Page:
- Don’t be dishonest. Someone once told me that they’d made the decision to self-publish while an agent was considering the manuscript, i.e. the agent was in mid-read. This person sent a letter to the agent informing them of their change of heart – a kind of cease and desist, if you will – and subsequently the agent tried to talk them out of it, but they declined to listen. They were dead set on self-publishing because they wanted ‘higher royalties’, ‘creative control’ and ‘to put their degree in marketing to good use.’ GIVE ME A BREAK. Tell the truth: you published your book because no one else would. What’s the big deal with being honest?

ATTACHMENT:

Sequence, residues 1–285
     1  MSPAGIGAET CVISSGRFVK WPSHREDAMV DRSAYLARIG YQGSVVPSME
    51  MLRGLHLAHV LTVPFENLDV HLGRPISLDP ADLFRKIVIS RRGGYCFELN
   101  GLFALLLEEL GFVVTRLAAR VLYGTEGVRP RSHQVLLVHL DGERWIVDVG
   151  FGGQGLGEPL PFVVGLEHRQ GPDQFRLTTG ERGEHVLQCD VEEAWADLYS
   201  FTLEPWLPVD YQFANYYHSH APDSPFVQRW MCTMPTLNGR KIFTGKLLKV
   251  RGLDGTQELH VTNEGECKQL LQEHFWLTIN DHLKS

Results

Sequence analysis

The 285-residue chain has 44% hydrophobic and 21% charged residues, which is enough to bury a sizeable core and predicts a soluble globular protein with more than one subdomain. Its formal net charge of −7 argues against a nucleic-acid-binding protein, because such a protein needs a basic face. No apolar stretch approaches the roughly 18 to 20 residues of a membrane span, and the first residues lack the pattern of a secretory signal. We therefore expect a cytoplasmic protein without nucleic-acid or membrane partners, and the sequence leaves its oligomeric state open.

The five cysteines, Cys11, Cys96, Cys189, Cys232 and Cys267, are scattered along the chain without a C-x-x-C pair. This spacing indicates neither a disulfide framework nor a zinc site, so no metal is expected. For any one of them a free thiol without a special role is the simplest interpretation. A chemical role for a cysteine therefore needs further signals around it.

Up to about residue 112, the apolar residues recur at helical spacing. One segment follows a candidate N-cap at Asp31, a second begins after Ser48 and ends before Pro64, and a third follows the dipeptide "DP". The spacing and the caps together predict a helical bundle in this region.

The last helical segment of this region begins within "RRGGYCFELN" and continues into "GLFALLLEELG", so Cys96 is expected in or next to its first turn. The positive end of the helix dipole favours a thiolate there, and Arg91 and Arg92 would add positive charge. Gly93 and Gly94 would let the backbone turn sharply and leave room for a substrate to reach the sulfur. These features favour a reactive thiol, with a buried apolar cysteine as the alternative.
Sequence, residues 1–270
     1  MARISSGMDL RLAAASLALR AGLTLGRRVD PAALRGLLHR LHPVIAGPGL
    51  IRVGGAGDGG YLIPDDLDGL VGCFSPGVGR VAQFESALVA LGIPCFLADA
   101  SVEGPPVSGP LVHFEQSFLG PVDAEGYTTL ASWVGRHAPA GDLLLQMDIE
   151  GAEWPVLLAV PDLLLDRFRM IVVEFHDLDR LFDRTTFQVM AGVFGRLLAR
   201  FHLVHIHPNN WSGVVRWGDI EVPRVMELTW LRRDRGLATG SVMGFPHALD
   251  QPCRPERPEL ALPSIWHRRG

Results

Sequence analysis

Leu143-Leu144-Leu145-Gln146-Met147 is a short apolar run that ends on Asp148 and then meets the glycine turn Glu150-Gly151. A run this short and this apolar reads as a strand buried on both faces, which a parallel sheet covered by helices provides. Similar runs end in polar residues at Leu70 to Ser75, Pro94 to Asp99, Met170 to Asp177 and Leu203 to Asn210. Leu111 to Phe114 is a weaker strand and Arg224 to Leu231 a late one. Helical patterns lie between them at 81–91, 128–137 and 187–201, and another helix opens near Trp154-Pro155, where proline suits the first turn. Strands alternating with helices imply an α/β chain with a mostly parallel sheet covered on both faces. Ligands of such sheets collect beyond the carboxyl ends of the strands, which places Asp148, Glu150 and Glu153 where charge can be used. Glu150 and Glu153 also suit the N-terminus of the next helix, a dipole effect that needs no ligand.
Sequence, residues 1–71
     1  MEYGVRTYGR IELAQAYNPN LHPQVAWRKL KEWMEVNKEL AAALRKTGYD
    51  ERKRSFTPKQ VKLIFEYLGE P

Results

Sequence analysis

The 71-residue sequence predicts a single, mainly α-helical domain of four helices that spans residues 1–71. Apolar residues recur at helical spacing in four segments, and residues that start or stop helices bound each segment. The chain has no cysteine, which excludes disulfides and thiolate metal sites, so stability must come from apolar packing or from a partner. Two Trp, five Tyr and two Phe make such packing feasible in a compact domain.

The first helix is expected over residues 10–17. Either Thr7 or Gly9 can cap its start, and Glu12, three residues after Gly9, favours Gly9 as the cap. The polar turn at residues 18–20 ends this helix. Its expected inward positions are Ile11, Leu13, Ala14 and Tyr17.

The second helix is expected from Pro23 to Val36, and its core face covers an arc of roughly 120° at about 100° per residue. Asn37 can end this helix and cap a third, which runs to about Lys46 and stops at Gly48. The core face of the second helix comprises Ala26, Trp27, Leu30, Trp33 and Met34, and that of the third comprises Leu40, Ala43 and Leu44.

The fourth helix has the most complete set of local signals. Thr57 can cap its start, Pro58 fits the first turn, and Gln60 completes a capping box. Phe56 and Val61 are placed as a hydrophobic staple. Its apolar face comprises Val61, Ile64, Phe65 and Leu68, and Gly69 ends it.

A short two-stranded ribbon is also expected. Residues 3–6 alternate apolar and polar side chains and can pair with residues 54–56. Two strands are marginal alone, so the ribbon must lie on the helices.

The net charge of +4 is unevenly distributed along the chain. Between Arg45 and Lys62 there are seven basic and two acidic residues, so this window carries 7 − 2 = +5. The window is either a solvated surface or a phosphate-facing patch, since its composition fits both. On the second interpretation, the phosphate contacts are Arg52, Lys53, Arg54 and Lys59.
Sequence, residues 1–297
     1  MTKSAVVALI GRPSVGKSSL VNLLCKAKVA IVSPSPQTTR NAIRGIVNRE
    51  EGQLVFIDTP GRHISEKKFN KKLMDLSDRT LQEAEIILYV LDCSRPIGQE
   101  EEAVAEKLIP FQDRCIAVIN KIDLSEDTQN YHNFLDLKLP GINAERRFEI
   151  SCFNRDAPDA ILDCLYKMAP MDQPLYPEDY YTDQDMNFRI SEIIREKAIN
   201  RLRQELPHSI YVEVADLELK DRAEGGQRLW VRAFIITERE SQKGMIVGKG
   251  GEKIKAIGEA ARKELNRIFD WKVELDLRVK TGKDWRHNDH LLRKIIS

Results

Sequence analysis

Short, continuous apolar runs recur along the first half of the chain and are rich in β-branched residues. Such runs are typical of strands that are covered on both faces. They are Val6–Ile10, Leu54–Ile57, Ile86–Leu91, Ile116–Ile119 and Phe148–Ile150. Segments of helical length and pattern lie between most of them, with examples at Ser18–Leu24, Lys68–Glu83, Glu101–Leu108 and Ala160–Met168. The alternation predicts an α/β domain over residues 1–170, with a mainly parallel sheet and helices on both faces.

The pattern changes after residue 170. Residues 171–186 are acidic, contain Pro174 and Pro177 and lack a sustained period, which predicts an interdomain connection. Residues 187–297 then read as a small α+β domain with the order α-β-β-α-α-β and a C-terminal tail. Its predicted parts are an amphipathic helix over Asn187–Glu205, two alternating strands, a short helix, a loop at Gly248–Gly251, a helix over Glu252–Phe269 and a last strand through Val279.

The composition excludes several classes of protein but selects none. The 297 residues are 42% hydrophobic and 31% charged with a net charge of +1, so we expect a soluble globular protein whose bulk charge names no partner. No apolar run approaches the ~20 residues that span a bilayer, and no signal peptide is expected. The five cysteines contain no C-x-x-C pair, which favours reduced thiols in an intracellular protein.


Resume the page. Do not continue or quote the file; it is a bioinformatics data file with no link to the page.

- Don’t be crazy. A few weeks back I heard at The Twitter Water-cooler about a girl who self-published a book using a POD publisher of questionable integrity and photoshopped the logo of a well-known New York publishing house onto the spine of it. Found out, she tried to keep up the lie, claiming on her blog she had a contract with them, and then going not-just-a-little-mental when her blog commenters called her on it. This is not only crazy but illegal to boot. Also, don’t send The New York Times a copy of your novella about talking purple unicorns in the year 2042 for review, okay?